1. Manage chronic stress. 

Regular stress is a very natural and healthy thing. Stress is your bodies natural response to a situation, which often induces focus. In short periods of time, there is a big upside to stress. However, chronic stress leads to the over-activation of the immune system and chronic inflammation. Reduce stress!  Try practices like meditation, yoga, or deep breathing, as well as proper rest. We have found that measuring things like sleep will create personal accountability, and thus assist in stress reduction. 

To sum up, gut health and inflammation are two topics that are almost intertwined. The gut microbiota regulates the immune system and maintains gut health. A healthy gut can help to minimize inflammation and prevent a variety of health problems. By following the tips outlined above, you can take steps to maintain a healthy gut and reduce inflammation in your body.

We are excited to provide to you the last installment next in this three part series related to gut health and your diet! Stay tuned!


  1. Ciorba, M. A. (2012). A gastroenterologist’s guide to probiotics. Clinical Gastroenterology and Hepatology, 10(9), 960-968.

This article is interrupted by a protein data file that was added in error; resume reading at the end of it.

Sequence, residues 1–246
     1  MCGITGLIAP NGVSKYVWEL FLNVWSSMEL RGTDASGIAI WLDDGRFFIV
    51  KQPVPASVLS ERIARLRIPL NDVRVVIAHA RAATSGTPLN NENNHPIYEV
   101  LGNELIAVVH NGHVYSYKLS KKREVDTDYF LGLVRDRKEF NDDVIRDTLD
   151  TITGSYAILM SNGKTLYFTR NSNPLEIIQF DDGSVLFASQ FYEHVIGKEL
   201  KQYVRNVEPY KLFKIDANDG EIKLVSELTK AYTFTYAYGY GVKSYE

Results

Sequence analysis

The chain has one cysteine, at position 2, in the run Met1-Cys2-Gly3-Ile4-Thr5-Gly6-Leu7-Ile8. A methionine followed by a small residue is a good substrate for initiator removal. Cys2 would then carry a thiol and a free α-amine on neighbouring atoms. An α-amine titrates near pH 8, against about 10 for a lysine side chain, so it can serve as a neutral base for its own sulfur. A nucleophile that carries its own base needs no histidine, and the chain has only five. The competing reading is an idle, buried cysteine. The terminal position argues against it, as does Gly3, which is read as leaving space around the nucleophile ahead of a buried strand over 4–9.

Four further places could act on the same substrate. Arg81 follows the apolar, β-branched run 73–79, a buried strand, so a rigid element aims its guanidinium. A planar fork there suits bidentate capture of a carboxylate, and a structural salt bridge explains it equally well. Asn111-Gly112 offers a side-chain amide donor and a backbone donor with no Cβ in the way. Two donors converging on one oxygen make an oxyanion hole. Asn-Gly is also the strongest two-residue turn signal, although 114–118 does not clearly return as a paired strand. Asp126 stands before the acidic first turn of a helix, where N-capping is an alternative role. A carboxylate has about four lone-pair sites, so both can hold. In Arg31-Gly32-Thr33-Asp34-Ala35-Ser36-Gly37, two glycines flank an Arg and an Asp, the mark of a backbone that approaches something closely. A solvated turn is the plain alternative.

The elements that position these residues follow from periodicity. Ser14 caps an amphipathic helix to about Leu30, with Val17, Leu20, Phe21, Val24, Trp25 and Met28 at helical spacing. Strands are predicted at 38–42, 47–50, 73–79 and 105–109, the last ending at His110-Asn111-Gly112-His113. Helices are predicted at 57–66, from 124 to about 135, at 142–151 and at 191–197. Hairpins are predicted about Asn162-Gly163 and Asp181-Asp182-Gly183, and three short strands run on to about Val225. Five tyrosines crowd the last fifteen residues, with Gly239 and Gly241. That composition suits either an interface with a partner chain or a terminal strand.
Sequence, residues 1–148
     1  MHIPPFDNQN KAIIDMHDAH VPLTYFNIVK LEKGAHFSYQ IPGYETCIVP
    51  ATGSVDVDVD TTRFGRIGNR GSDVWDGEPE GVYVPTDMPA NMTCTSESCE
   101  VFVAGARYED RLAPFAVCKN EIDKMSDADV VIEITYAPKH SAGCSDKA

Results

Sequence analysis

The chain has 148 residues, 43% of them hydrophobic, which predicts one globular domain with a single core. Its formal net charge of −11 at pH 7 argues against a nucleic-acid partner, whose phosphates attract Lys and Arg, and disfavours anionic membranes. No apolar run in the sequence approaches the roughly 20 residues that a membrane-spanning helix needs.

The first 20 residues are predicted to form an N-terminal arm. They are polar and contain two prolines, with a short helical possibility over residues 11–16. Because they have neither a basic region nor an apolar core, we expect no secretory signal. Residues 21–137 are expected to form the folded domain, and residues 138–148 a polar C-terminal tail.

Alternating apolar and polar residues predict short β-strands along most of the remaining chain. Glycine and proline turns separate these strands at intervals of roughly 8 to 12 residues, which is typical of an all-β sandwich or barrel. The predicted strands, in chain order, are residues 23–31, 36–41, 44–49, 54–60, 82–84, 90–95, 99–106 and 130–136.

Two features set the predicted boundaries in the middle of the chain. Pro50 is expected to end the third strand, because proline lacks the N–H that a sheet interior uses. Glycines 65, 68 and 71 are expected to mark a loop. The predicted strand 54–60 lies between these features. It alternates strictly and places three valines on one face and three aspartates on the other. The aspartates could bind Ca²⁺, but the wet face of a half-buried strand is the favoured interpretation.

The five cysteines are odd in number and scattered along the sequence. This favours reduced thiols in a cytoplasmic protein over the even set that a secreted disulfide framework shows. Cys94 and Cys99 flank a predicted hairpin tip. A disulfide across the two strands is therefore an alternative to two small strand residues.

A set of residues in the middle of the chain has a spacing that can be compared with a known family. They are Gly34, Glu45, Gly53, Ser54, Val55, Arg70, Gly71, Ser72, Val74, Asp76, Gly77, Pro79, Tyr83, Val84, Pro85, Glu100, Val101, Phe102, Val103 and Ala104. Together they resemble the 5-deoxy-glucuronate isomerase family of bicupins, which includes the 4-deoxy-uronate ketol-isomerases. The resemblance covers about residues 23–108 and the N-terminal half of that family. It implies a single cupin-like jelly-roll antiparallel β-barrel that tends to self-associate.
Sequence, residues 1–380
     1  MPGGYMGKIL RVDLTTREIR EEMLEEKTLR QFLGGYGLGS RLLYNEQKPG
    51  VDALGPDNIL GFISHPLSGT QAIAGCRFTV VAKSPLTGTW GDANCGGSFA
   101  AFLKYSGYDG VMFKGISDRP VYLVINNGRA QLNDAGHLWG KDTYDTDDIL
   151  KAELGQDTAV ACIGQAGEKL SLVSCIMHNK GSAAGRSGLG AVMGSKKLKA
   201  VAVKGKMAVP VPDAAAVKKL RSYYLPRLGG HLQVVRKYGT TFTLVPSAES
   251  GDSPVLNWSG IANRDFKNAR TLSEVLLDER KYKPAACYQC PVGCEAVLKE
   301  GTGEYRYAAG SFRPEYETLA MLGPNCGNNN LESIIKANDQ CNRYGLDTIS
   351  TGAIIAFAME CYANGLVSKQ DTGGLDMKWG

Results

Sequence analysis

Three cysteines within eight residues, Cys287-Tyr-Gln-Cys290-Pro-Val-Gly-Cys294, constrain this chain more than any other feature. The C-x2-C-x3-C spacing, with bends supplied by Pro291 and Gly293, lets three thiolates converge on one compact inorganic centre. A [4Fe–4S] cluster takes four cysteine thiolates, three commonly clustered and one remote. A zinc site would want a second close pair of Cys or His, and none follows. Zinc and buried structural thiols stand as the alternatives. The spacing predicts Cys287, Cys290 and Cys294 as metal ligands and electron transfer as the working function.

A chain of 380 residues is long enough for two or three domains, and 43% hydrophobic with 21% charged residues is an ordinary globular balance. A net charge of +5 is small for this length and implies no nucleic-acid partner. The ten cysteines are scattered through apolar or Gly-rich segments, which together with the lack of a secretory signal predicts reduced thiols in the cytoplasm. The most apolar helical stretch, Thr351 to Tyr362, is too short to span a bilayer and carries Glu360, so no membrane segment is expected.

2. Gibson, G. R., Hutkins, R., Sanders, M. E., Prescott, S. L., Reimer, R. A., Salminen, S. J., … & Scott, K. (2017). Expert consensus document: The International Scientific Association for Probiotics and Prebiotics (ISAPP) consensus statement on the definition and scope of prebiotics. Nature Reviews Gastroenterology & Hepatology

Research Paper: Shanghai Aging Study and Shanghai Memory Study

Altered Gut Microbiota and Its Clinical Relevance in Mild Cognitive Impairment and Alzheimer’s Disease: Shanghai Aging Study and Shanghai Memory Study

Authors: Zheng Zhu, Xiaoxi Ma, Jie Wu, Zhenxu Xiao, Wanqing Wu, Saineng Ding, Li Zheng, Xiaoniu Liang, Jianfeng Luo, Ding Ding, Qianhua Zhao

Full Research Paper: 

Research Paper Summary: